2. Great list.
    I can even cope with the ubiquitous nod to ‘the city’.
    Umm. Were the two sentences in 35 meant to be 35 and 36?

  3. Thanks for sharing this list. Your insights and learnings are extremely helpful. I also wanted to say thanks for writing GOSPEL. Read it 4 hours and loved it. I’m planning on going back and rereading it to soak it all in again. Thanks for your ministry!

  4. solid. thanks jd! gonna bookmark this in case the Lord leads me down the path of ministry!

  5. This was like reading Richard Baxter; read a line, let it sink in. Read a line, let it sink in.

  6. Nah, it is indeed 35. The last plumbline indicates that a pastor shouldn’t give up too early. It’s easy to have the vision and state it. But once that is done…it is NOT DONE. The staff won’t embrace it for a while, so the pastor has to keep repeating it.

    And even when the staff has embraced it, we (the “dumb sheep” congregation) still have a long ways to go toward internalizing it.

    The pastor should not assume that once something is stated or taught, it has been internalized. I don’t know why it takes so long, but maybe it has to do with being dumb sheep, or maybe it is a recognition that the Holy Spirit has actually been working it into the pastor’s life and thoughts for quite a while before he ever utters it a staff member.

    Grace and glory,
    yucko

  7. If I might add one…

    * Celebrate the Lord’s supper weekly, and do so with wine and bread which Christ said is the Body and Blood of Jesus Christ. Both historically and Scripturally, this is one central thing Christ’s Apostles taught the gathered church to do together. The gospel is not proclaimed by word only. ‘For whenever you eat this bread and drink this cup, you proclaim the Lord’s death until he comes.’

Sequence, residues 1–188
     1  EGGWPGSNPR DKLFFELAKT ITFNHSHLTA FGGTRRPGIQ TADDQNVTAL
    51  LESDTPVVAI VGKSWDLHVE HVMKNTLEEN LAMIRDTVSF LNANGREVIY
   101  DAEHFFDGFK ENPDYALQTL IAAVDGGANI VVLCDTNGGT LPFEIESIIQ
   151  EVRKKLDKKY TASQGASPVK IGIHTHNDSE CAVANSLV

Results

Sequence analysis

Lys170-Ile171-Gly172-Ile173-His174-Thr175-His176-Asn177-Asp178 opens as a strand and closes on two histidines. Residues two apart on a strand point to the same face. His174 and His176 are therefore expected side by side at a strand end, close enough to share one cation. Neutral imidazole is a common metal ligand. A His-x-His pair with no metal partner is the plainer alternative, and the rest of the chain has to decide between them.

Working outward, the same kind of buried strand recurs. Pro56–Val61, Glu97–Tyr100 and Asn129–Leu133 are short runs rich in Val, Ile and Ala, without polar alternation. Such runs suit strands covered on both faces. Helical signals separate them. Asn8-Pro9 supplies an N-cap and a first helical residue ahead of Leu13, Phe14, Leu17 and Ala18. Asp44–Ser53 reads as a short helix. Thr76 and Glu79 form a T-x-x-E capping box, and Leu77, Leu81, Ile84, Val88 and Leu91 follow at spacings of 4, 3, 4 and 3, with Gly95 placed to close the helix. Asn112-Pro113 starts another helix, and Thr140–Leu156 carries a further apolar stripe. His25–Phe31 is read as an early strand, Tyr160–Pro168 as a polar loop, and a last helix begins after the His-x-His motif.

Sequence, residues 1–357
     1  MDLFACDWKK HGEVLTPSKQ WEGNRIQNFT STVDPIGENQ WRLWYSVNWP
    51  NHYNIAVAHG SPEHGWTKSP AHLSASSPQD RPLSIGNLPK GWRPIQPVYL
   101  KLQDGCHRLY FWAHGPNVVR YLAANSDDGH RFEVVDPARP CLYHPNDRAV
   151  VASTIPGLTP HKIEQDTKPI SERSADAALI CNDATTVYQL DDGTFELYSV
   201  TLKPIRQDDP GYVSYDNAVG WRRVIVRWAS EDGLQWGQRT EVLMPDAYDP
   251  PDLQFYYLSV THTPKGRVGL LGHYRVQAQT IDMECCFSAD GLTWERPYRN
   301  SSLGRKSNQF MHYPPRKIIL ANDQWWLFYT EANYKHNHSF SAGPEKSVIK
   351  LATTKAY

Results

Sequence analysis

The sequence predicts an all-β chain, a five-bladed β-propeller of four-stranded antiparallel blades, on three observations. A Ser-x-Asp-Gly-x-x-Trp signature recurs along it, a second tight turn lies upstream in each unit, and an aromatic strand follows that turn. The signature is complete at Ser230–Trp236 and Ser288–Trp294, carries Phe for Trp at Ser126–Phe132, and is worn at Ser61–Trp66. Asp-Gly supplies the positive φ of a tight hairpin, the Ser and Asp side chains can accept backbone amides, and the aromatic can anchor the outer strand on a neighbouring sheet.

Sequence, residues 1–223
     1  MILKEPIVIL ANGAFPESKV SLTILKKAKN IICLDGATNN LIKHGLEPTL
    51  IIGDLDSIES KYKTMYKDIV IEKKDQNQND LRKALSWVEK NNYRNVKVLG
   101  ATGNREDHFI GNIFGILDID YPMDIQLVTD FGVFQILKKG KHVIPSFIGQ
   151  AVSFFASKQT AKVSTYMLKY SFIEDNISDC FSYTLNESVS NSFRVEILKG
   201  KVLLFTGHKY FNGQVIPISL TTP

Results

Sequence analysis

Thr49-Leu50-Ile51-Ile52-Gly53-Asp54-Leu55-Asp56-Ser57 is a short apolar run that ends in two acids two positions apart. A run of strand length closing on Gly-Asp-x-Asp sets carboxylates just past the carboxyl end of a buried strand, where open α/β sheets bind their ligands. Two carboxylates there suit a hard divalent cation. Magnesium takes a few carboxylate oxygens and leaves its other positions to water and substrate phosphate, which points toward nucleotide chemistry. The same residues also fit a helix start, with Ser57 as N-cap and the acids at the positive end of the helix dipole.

I’m new to the area, and I’m quickly noticing a trend. Four times a year, or perhaps once a month in the particularly devout congregations I visit, they may turn off their $60,000 sound system for long enough to partake of little cheap juice and a crumb of cracker. He said ‘do *this* in remembrance of me,’ about one thing people, and he didn’t stutter.

  8. JD, thank you for this list. I’m a new senior pastor after 16 years in student ministry and I found this list very helpful, reminding, and convicting. Thank you for your faithfulness to Him, His church, and to those of us who are beginning the pastorate.

  9. What does 15 mean? What does multiplying preaching points mean?

  10. Yes, Terence, #28 refers to all that. IMO, too many pastors are trying to be way too cool and they end up being showy or just downright ridiculous. My wife tells me that I should nod to fashion, but not try to call attention to myself in how I dress.

    Scott, #15 means that in our multi-site strategy we are trying to create more local and more personal congregations, filled with people who know and are known, not just venues where we can gather an audience to hear me preach and watch a show. If the multi-site movement has any value in it, imo, it is in making the church “smaller,” more accessible, more personal, and more pastoral.

  11. agreed!! too many “affliction” t-shirts and blazers going around…

Trackbacks and Pingbacks:

  1. Thirty-six Pastoral Values From J.D. Greear | mgpcpastor's blog - November 25, 2011

    [...] J.D. Greear provides thirty-six ‘plumblines’, values he’s picked up over ten years of pastoring which he wishes he’d had from the beginning. Including the now ubiquitous nod to ‘the city’ there’s a lot of well phrased wisdom here. Yes, I know there are only thirty-five. Weird, huh? (I think 35 was meant to be 35 and 36.) People ask me what I wish I’d known when I started pastoring. Here are 36 of them. At our church we call them plumblines. Plumblines are guides to our decision-making. These are the values we pursue as we follow Jesus. [...]